Yukon Travel Guide
Producing enough gold during its Klondike gold rush years to satisfy even Mr T’s jewelry requirements, the Yukon Territory in Canada’s far north is a region of forest wildernesses, rolling mountains, sprawling lakes and cascading rivers. With only around 30,000 permanent residents, the territory enjoys little in the way of development and a lot in the way of unspoiled natural assets.
Whitehorse is the territorial capital and is the city that saw the majority of prospecting action in the late 19th century. The SS Klondike National Historic Site provides visitors with some background on the events that transpired during the gold rush. As far as other attractions in the city go, the MacBride Museum is perhaps the highlight. Covering a huge area equal to half a city block, the museum is the city’s premier facility for the preservation of cultural heritage, containing an unrivalled collection of Yukon gold and artifacts relating to the territory’s early inhabitants.
Dawson City is the Yukon’s second most significant urban development and it also saw its fair share of miners and panners back in the day. The gold rush is considered an integral part of the city’s heritage and some of the sites that witnessed the most frenzied action can today be explored on guided tours. Visitors can get the low down on famous prospectors such as Dawson Charlie, Skookum Jim and George Carmack.
Dawson City offers another juicy slice of history in the form of Diamond Tooth Gertie’s Gambling Hall, the oldest casino in Canada. Gertie and her gals will entertain you with a traditional, old fashioned Klondike show while you throw your life savings away on the slots, black jack tables and roulette wheels. If you prefer your history to come in a more bookish form, then the Dawson City Museum and Historical Society is the place to head.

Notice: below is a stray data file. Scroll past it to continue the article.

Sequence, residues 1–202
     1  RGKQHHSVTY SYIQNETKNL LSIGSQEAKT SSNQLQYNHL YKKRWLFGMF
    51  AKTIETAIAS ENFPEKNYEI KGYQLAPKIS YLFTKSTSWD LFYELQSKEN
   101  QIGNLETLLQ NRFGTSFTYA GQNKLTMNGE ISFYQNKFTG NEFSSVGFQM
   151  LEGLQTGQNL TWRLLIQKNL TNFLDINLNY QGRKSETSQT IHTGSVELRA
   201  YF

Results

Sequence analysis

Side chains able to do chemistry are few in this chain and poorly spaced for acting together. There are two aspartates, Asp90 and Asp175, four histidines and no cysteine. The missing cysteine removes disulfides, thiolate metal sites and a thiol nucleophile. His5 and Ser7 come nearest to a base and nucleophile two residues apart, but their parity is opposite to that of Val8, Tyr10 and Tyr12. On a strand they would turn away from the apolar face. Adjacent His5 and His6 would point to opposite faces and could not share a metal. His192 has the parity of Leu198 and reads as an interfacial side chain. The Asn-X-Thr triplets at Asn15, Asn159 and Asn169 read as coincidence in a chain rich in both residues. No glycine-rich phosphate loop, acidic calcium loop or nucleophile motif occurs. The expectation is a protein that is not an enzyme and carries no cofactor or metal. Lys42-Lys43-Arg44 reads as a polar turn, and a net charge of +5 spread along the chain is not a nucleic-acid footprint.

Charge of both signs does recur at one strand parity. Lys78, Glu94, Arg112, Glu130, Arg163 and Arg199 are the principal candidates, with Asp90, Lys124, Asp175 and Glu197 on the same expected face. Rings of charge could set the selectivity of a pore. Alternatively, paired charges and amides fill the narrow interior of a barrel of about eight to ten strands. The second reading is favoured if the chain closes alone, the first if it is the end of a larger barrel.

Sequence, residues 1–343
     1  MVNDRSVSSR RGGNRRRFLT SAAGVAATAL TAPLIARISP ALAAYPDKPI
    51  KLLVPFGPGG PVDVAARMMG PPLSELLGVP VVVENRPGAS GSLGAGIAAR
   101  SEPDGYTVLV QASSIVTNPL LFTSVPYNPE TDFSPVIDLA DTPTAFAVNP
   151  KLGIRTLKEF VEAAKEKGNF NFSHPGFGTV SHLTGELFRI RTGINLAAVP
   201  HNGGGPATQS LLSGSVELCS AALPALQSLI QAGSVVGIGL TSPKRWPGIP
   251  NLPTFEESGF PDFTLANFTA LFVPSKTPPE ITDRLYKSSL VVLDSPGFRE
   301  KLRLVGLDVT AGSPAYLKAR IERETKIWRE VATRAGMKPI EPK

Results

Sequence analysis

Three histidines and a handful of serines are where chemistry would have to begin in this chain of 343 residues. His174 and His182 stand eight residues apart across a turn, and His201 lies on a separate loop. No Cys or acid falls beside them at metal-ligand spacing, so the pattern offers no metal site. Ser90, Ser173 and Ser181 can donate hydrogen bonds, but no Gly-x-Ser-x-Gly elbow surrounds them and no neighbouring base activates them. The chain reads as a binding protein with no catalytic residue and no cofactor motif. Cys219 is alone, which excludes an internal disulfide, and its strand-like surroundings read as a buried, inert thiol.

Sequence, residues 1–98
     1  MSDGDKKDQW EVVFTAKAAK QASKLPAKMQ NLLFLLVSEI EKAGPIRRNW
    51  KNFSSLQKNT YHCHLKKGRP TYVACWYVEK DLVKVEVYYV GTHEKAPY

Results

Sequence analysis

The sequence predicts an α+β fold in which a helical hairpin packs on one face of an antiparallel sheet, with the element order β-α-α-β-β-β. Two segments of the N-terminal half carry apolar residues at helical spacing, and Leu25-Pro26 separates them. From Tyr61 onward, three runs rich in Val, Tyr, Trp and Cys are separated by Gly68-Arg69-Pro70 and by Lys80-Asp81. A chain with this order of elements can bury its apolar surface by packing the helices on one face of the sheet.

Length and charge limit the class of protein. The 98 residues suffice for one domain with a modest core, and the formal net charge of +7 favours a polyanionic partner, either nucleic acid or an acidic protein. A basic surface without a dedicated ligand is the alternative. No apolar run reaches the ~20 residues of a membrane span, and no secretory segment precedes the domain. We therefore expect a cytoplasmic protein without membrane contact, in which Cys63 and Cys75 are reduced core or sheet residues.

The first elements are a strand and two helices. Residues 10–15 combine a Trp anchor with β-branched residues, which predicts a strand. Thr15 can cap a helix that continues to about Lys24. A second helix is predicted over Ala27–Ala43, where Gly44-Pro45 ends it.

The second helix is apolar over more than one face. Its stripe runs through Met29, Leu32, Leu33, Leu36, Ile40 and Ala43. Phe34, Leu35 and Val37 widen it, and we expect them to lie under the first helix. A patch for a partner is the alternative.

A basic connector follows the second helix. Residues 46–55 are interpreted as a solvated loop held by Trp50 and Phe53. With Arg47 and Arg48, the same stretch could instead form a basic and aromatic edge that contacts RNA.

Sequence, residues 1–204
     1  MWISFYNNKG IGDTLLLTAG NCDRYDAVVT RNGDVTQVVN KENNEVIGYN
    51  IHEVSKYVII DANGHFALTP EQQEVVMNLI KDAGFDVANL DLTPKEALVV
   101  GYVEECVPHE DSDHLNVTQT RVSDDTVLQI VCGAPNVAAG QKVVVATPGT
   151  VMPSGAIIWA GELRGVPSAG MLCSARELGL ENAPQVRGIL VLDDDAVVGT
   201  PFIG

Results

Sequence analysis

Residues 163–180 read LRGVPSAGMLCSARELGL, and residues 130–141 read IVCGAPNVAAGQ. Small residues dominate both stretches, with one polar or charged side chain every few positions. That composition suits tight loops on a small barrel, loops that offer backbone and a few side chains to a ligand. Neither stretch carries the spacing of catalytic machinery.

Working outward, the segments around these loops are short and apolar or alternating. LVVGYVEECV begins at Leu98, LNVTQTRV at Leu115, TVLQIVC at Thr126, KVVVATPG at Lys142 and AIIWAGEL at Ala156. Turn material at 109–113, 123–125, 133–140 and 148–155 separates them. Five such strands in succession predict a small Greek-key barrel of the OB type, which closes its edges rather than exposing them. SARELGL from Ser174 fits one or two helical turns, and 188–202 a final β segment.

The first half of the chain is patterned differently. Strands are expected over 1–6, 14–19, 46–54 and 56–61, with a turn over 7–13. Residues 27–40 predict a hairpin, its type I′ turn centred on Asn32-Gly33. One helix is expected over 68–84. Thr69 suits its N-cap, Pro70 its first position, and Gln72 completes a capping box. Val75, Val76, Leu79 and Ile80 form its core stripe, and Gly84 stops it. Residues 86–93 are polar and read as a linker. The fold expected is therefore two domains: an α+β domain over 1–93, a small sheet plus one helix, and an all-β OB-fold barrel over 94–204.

Yukon’s finest scenery is on show at the Kluane National Park, a destination characterized by its deep valleys, colorful meadows, lush green alpine forests and tundra regions. Sure to take pride of place in many a visitor’s photo album are the panoramic images offered by the spectacular St Elias mountains. Mount Logan and Mount St Elias are the highlights of the range and provide Canada with its two highest mountains at 5,950m and 5,488m respectively.
Wintertime sees the Aurora Borealis drawing visitors in truckloads to the Yukon. The Northern Lights, as they are otherwise known, use the night sky as a canvas on which to paint awe inspiring designs in various hues of green and blue. Late August to mid-April is the best time to observe this fascinating natural phenomenon.
Lovers of a good knees-up or lively sporting contest will appreciate the Yukon’s excellent selection of annual festivals and events. The Frostbite Music Festival and Dawson Music Festival are musts for anyone with a penchant for live entertainment, while the Yukon International Storytelling Festival is one to place top of the list if you enjoy listening to talented orators spin a good tale or two.